Watching History Channel this morning, the programme Battle 360 made me think about a number of things, most specifically, it made me think about the total lack of compassion shown by the Japanese toward prisoners and the populations they overran. But against this there was also the image of US forces machinegunning Japanese survivors in the water after the battles fought in and around Iron Bottom Sound. I can understand why this was done, I can even understand the hatred of an enemy that drives one to do it. After all, I grew up in a household headed by my father who had fought the Japanese at sea along the Burma Coast and among the Island chains and even into the Coral Sea itself. He had no love for the Japanese at all and the horrors he witnessed eventually consumed him.
What struck me most forcibly in watching this was the heroism displayed by individuals on both sides and the sheer scale of the tragedy unleashed in the battle between the West and the Empire Ambitions of the Japanese. Two very different philosophies underpin the two cultures and these met head on in the battles fought in the Pacific and the Far East. The west won, through sheer industrial strength and muscle, we out built, out resourced and eventually out scienced the Japanese.
Yes, by our lights they were savage and barbaric fighters who treated prisoners of war abominably and subject populations worse. Yes, we find their culture abhorrent, but there are aspects of ours that they find not only incomprehensible even now, but equally abhorrent to theirs. I will not forget my father's description - relayed one night when I was in my teens and he had taken on a lot more alcohol than was good for him - of the scenes in Rangoon after they had driven the Japanese out. Scenes of men buried to their necks in pits and forced to eat dry rice, then drink water, and the agonising deaths they suffered. Or of the emaciated prisoners they found who could not eat anything other than small quantities of soup and died if they were given too much at one time.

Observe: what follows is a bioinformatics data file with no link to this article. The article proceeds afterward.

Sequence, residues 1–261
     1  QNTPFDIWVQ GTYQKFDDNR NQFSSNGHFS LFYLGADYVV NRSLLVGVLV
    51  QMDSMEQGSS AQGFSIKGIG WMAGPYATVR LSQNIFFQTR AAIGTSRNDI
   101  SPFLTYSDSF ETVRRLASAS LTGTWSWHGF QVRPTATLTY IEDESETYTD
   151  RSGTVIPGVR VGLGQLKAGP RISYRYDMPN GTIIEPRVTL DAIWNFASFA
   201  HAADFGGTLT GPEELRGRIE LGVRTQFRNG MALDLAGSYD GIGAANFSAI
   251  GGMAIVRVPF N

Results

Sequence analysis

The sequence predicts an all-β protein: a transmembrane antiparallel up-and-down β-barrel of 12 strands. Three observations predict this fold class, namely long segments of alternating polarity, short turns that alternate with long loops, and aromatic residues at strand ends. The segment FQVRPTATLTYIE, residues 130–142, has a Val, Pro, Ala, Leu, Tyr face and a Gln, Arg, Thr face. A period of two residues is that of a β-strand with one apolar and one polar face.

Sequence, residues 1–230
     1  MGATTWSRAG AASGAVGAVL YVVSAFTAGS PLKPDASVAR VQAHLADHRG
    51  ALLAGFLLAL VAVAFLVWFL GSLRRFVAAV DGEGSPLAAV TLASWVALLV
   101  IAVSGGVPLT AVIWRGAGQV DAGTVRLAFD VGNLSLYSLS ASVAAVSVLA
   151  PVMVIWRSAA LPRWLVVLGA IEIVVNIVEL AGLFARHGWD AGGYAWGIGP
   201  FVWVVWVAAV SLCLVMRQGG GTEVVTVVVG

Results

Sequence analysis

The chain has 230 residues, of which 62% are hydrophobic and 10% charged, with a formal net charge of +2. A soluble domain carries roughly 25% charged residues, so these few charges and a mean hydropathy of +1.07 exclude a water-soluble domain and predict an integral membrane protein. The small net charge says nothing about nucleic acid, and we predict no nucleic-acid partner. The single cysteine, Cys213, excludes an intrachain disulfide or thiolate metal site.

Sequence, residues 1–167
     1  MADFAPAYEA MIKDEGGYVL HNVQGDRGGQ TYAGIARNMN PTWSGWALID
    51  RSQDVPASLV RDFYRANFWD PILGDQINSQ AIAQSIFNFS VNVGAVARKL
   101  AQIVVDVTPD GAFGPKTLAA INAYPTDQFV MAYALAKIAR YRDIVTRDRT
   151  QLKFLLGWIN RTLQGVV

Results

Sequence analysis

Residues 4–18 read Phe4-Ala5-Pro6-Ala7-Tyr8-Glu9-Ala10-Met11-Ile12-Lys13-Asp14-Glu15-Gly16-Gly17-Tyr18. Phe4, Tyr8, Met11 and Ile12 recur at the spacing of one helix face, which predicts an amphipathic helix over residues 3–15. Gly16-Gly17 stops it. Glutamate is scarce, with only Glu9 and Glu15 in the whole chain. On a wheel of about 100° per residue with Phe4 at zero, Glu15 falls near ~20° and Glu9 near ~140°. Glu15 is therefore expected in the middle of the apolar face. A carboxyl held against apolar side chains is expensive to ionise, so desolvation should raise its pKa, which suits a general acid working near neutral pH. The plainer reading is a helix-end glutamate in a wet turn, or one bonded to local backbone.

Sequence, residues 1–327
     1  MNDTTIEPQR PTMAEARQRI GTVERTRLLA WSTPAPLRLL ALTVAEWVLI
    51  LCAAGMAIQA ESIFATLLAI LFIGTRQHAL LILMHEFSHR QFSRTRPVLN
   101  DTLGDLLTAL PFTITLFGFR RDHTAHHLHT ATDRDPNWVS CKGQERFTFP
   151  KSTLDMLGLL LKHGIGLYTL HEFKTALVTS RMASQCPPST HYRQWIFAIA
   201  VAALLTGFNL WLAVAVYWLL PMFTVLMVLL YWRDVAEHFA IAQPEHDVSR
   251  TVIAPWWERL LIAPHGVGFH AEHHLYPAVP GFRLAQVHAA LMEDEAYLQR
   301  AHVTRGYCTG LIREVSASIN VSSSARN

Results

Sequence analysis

But then you also encounter men who having gone through this hell and worse, have sought out their former guards and made their peace with them. That, to me, shows humanity has some hope, for it is in the forgiving of enemies and the rendering of aid to an injured enemy that our true humanity is shown. Homo Sapiens is unique in the animal world in that regard, no other species indulge in that action. A defeated lion will be driven away to die or will be killed. The same happens among wolves and among the great apes. Humans alone, render aid to our injured enemies. Its one of the things that marks us out as humans and it is all the more tragic when we lose the desire or the will to do so.
I am proud of my father and of his fellow sailors, soldiers and airmen who fought for the world they believed in. I am even prouder of the fact that the vast majority of them never lost their humanity, never lost that urge to render aid to a wounded or dying enemy. Perhaps that is what makes the difference between the terrorist fanatic "dying" for a "cause" and the true service man. Once the shells stop falling and the bullets flying, the real service men and women of our armed forces will render assistance to all the wounded.
Perhaps that is what the fanatics on all sides need to remember. To do otherwise is to lose that most precious thing. Our humanity.